In this poster (Left), we can see a woman handing a condom to the man, which indicates that the woman is taking the initiative to partake in safe sexual intercourse. This poster not only makes a statement about how unsafe sex can spread AIDS but also shows the woman giving the condom to the man, which is surprising because women in rural households were not allowed great freedom of choice in their households. In these rural settings, the norm would have been that the husband had multiple sexual partners and thus would be likely to contract AIDS, return home and transmit the disease to his wife (as shown in other posters created for the campaign). Consequently, there was a risk that AIDS could then be transferred to the couples’ children. This was a common thread observed among rural areas in India.

Image, left: Advertisement for Nirodh condoms to promote safe-sex and AIDS prevention | Courtesy of the Wellcome Collection – NGO-AIDS Cell, Centre for Community Medicine, AIIMS. Colour lithograph for Unesco/Aidthi Workshop, March 1995. License.

This poster (Right) is of a slightly different nature. It is oriented more towards communicating that AIDS can affect anyone, irrespective of gender, social status, caste or religion. The poster depicts 7 people who appear to be from different backgrounds. The caption reads that people with AIDS are difficult to identify; a person with AIDS may be among us.

Image, right: AIDS prevention advertisement by NGO-AIDS Cell, Centre for Community Medicine, AIIMS, representing difficulties of recognising someone who has AIDS. | Courtesy of the Wellcome collection – Colour lithograph by Unesco/Aidthi Workshop, March 1995. License.

Since homosexuality was a criminal act in India until a few years ago, it could be interesting to consider whether the public health campaign would have been this active if the disease was initially found among homosexual men. Even though prostitution was also illegal in India, there was less stigma attached to this act than being homosexual. Given that homosexuality was a criminal act until 2018, if the disease presented itself among homosexual men first, would the government take any measures to find a cure or communicate about the disease to the public?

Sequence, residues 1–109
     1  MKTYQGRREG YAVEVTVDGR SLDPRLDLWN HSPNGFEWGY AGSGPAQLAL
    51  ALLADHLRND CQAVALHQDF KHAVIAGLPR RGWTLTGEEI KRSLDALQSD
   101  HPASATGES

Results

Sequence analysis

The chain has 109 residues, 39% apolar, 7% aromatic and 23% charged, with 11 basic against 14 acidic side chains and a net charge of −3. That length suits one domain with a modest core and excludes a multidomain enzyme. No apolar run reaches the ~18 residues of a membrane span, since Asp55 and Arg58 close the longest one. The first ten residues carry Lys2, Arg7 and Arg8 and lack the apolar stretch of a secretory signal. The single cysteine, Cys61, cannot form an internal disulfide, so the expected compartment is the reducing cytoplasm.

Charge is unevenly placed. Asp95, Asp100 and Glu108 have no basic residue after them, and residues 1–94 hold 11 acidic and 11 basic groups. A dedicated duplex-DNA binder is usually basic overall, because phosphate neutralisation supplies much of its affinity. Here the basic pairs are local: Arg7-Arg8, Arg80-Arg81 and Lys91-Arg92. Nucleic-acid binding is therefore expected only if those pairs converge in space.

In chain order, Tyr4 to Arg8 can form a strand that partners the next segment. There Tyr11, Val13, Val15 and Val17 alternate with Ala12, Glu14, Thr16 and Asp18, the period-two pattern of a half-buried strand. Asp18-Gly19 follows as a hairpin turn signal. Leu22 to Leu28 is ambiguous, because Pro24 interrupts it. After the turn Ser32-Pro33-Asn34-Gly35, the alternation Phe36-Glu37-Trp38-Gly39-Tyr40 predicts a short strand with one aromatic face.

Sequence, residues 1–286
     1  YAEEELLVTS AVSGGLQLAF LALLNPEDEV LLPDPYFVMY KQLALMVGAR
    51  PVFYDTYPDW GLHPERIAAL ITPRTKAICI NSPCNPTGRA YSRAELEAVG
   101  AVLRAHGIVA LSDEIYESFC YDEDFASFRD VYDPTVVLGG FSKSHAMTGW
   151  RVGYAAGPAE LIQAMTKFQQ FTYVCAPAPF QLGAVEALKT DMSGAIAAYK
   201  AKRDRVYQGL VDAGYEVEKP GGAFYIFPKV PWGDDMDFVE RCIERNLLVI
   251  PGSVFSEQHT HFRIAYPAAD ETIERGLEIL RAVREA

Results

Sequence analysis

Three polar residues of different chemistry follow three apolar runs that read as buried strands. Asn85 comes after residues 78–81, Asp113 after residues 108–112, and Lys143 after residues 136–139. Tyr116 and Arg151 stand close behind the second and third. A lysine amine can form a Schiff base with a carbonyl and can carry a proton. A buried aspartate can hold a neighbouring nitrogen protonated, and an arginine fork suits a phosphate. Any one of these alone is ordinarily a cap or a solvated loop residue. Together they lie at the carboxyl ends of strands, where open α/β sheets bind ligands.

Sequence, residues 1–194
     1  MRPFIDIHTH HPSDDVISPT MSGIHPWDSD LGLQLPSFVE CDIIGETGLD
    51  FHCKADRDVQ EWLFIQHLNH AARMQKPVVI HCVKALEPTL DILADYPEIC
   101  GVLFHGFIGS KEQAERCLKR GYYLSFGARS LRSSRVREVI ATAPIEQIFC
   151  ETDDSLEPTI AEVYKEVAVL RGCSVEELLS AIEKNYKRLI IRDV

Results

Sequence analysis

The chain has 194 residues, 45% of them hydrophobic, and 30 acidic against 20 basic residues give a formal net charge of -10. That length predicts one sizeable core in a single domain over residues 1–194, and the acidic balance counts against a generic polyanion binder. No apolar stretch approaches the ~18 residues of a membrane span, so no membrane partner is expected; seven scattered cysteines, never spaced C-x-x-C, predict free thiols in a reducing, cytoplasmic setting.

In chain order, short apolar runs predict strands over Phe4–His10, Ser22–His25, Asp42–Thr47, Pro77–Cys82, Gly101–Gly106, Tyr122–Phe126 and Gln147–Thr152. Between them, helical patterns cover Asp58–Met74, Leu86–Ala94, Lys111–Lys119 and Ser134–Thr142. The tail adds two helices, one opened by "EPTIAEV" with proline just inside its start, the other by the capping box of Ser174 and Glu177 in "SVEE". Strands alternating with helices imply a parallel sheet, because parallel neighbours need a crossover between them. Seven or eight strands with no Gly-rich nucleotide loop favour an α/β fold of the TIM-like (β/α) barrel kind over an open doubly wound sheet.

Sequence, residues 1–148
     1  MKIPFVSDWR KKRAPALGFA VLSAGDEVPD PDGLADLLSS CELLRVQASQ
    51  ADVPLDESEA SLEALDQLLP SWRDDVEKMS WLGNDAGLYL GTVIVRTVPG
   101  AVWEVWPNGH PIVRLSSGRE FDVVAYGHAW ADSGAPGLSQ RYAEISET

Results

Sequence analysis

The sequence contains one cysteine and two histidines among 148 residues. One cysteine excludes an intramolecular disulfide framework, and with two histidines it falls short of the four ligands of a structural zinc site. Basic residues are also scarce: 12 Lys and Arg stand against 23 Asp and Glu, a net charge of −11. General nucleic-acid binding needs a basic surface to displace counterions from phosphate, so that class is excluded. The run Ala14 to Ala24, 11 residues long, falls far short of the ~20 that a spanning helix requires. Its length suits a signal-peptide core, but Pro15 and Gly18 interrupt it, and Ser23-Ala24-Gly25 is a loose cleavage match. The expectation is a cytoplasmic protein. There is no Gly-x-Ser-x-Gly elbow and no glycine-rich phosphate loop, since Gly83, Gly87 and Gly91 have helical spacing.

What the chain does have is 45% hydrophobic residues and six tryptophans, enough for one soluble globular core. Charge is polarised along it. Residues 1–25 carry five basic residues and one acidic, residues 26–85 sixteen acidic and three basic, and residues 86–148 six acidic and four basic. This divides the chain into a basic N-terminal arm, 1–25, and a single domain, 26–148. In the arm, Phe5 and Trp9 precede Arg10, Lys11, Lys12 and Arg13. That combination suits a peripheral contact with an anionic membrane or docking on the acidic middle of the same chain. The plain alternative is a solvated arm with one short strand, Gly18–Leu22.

Even though AIDS is a medical issue, it is a significantly stigmatised disease. These posters help us to understand how different social sections of the world approached such a global health issue, and to identify the social, political, and economic reasons for the change of approach. Understanding how the AIDS pandemic was communicated and framed in a social context is essential, especially considering this same understanding should be crucially applied to our current pandemic.


View the cover image for this Feature on the Wellcome Collection website here
View the first image within this Feature on the Wellcome Collection website here, and the second image here


Vaishnavi Mohan is a sub-editor for I,Science, and is currently completing her Masters in Science Communication here at Imperial College London. After taking History and Philosophy of Science at UCL, she has an interest in the history of medicine as well as how science and culture intersect